Financial Management for Young Adults and Millennials

young adults savings

 One topic that few young adults learn about in high school or college is managing their money. Some parents are great at teaching their children about the ins and outs of saving, spending, budgeting and planning, and some young people intuitively understand the importance and the skills needed to be responsible and smart with their finances. However, for many young adults, being faced with a limited income, the need to budget, and the unexpected expenses that can - and do - arise in life can be a challenge.

Before big mistakes are made, getting the information and tools to learn about and oversee finances is as important as finding the first job out of college. 

Getting Financial Advice: Young adults and Millennials may not listen to old-school financial planners and investors who, despite their experience and knowledge, don't know how to communicate effectively with 20 somethings. Sophia Bera of Gen Y Planning is a CFP (Certified Financial Planner) who specializes in working people under 40 - and she is one of them. Because she is of their generation, Sophia brings a fresh viewpoint to stodgy subjects - investing wisely and saving for the future. Gen Y Planning is a good place for young adults with money to invest to get sound advice.

Contributing to a Retirement Plan: Young adults have a hard time imagining that someday they will be ready to retire - their lives are just beginning. Even so, it's vitally important that they take advantage of a 401K plan if offered to them by the company they work for.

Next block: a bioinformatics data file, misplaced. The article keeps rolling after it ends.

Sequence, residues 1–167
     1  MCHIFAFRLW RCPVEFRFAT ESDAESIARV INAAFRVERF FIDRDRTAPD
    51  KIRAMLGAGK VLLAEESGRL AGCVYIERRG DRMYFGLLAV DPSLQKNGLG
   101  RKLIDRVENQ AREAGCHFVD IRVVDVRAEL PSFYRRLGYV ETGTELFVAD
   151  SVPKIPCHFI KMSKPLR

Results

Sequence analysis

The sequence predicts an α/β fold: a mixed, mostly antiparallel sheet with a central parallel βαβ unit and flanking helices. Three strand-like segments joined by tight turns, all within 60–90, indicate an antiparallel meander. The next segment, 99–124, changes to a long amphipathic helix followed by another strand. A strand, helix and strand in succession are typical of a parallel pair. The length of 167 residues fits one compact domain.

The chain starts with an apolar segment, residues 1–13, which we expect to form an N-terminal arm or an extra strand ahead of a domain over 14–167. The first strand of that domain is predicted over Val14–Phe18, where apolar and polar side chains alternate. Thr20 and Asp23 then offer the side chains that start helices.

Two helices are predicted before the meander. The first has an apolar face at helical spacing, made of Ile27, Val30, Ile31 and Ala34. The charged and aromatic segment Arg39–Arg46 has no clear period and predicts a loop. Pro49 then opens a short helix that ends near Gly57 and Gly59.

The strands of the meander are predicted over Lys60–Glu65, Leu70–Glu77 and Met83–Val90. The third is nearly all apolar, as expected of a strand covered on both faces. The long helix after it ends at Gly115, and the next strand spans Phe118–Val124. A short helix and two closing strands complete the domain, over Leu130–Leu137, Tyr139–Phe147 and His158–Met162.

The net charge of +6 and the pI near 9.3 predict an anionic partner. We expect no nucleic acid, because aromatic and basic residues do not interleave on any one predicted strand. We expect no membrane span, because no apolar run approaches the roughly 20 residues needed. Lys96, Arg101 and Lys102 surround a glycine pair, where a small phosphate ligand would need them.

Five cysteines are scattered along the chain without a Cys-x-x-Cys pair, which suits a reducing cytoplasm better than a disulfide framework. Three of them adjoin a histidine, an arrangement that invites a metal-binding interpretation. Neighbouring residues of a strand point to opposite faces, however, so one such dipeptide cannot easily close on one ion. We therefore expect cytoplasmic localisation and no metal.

Even by contributing a minimal amount from each paycheck, they are laying the foundation for future financial security. If the company offers a matching plan, all the better. Young adults need to be cautioned about taking money out of these accounts prematurely, due to the big tax penalty they will face.

Let’s say you earn $40k a year, contribute 10% to your 401(k) plan, receive a 3% match from your employer, and earn a 6% average annualized rate of return. If you start at age 22, you would end up with over $1 million by age 65. - or Quicken: Managing finances is as easy as clicking "download" or adding a checking account number to an online account. is a website that will automatically update every account, from credit cards to checking, on a daily basis. Mint will update you by email about fees paid, large purchases made, and other important banking information. While is a website based program, Quicken can be installed directly onto a computer. It offers many of the same services that Mint does, but needs to be managed by the user where Mint will update without the user having to prompt it to do so. Either one is effective and easy to understand - it's just a matter of which platform is more appealing. One plus for is that it's free, while Quicken costs money to purchase. Young adults love anything that makes it easy and simple to manage their lives. offers a way to save money without having to give it a second thought. will monitor spending and automatically withdraw money into an FDIC insured savings account for the user. If money is needed from the account, all the user has to do is text a request. is an app that focuses on microinvesting. For every purchase the user makes, will round up the purchase price and invest the difference. A little bit can add up to a lot quickly, and the money is managed by experts. The user is free to add money to the account to increase investment ability. Easier and faster than writing a check or putting down 5 credit cards for a restaurant check, allows users to pay each other with its app. Venmo eliminates the awkward post-dinner conversation of "hey you owe me $15" that so many people have with far too much frequency.

Venmo is free, and only requires a Facebook account or email address to sign up.